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S.A. Bent, comp.  Familiar Short Sayings of Great Men.  1887.
 
Camille Desmoulins
 
        [One of the principal actors of the French Revolution; called “the attorney-general of the lantern,” from the summary manner in which he condemned royalists to be hanged to the ropes by which the street-lanterns were suspended; born in Picardy, 1762; a schoolmate of Robespierre in Paris; took part in the storming of the Bastille, 1789; became a partisan of Danton; elected to the Convention, 1792; endeavored to mitigate the cruelties of the Terror by the publication of the “Vieux Cordelier;” proscribed and executed with Danton, April 5, 1794.]
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Burning is no answer (Brûler n’est pas répondre).
          In reply to Robespierre, whose extreme measures Desmoulins and the Dantonists were then opposing; and who, in return, proposed to burn, by way of correction, the numbers of their moderate journal, “Le Vieux Cordelier.”
  Desmoulins, “not afraid at one time to embrace liberty on a heap of dead bodies, begins to ask now, whether among so many arresting and punishing committees there ought not to be a ‘committee of mercy.’ His first number begins with ‘O Pitt!’ his last is dated 15 Pluviose, year 2 (Feb. 3, 1794), and ends with these words of Montezuma’s: ‘Les dieux ont soif’” (The gods are athirst).—CARLYLE: French Revolution, ii. 8, 1.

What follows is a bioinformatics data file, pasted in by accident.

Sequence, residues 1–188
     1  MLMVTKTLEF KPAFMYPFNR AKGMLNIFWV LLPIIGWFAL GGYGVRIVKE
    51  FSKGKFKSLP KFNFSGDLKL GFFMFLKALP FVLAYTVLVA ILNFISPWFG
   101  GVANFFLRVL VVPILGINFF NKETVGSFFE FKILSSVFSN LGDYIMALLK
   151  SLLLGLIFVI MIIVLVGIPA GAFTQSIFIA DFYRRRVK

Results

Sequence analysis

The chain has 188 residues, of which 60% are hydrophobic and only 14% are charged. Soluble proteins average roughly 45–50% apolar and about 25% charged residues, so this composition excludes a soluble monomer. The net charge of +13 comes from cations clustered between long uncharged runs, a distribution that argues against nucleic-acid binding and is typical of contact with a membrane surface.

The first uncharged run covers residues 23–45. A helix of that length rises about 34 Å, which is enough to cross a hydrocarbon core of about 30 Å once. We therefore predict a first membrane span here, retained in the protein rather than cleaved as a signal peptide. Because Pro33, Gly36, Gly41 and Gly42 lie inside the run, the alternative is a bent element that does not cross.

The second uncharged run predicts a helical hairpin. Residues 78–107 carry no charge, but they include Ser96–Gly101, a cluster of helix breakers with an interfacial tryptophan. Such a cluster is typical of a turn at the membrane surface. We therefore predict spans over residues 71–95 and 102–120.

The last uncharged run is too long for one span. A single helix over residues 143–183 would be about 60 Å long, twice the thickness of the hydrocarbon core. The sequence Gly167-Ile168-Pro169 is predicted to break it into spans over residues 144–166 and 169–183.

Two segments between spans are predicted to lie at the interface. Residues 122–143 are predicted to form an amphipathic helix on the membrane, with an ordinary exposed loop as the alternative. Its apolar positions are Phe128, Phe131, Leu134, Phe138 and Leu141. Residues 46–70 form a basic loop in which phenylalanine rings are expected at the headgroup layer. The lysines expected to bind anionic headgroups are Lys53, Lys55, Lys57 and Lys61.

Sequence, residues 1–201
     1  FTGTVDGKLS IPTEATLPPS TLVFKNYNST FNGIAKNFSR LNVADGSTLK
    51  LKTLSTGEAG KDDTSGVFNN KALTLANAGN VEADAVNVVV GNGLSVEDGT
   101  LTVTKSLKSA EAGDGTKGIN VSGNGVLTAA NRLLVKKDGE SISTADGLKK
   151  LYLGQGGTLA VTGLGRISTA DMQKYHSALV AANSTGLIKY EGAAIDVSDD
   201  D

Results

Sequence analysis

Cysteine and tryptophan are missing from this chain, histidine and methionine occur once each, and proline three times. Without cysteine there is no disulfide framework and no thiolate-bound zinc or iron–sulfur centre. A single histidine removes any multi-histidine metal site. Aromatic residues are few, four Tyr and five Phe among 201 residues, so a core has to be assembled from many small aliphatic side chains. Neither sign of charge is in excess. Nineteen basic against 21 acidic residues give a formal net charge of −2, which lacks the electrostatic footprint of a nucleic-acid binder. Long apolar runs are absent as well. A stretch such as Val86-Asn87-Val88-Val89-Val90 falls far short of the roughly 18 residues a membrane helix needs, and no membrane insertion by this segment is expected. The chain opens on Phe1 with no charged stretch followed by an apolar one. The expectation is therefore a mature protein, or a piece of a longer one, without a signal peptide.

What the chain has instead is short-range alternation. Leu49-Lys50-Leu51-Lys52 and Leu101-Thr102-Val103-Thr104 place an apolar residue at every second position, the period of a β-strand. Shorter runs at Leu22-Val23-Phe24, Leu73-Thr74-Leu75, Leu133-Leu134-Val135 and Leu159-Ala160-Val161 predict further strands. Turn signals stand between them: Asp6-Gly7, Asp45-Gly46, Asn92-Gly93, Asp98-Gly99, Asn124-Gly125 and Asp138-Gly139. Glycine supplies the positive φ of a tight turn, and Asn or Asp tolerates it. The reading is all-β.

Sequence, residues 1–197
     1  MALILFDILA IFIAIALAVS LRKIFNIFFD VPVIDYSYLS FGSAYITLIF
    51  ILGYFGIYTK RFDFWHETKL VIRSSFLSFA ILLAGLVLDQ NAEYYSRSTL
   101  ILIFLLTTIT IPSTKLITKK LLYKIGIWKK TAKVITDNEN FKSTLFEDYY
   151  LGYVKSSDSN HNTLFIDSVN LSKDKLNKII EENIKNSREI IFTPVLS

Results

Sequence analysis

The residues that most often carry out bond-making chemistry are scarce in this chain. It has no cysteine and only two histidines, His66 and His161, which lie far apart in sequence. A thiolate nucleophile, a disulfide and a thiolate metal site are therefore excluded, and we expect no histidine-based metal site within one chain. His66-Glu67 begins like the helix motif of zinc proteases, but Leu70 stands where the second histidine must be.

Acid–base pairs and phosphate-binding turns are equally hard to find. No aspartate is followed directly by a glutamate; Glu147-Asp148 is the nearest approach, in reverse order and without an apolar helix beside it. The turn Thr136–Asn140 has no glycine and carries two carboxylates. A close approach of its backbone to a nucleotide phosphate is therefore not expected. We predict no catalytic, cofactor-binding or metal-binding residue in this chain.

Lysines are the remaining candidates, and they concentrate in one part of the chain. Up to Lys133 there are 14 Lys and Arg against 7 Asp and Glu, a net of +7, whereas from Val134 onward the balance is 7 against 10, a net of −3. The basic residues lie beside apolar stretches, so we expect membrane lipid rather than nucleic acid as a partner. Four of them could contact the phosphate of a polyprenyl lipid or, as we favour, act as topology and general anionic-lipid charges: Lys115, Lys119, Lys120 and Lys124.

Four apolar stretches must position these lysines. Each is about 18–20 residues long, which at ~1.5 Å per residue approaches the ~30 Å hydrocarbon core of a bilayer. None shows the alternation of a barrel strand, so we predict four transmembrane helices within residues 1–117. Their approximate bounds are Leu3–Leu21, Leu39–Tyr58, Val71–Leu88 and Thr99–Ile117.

His retort to Robespierre became proverbial, and was applied, for instance, to the Swiss canton of Uri, which in the excess of its loyalty to the myth of William Tell, burned a book of the curé Freudenberger of Berne, entitled “William Tell: a Danish Fable.”
  Desmoulins had not always opposed Robespierre; for he once asked, “What is Virtue, if Robespierre be not its image?” Now, however, his mot was fatal. “Let his paper be read!” cried Robespierre. In a few days, he who had written in 1789: “My motto is that of all honest people,—no superiors!” found his superior within his own party, and was denounced with the rest of the Dantonists. Being asked his age by the Revolutionary Tribunal, April 3, 1794, he replied, “I am thirty-three,—the age of the sans-culotte Jesus, a critical age for every patriot.” On his way to execution, remembering the days when Necker was dismissed, and he himself harangued the populace from a chair in the Palais-Royal, he bitterly exclaimed, “This is the reward destined to the first apostle of liberty!” Like Danton, he took credit to himself for generosity: “I go to the scaffold,” he said, “for having dropped a tear over the unfortunate: my only regret in dying is the want of ability to save them.” Only when he no longer was of the dominant faction did he see that the people had been imposed upon by high-sounding but empty phrases. “Poor people!” he cried to the multitude who flocked to his execution, “how they have deceived you!” (Pauvre peuple, on te trompe!)
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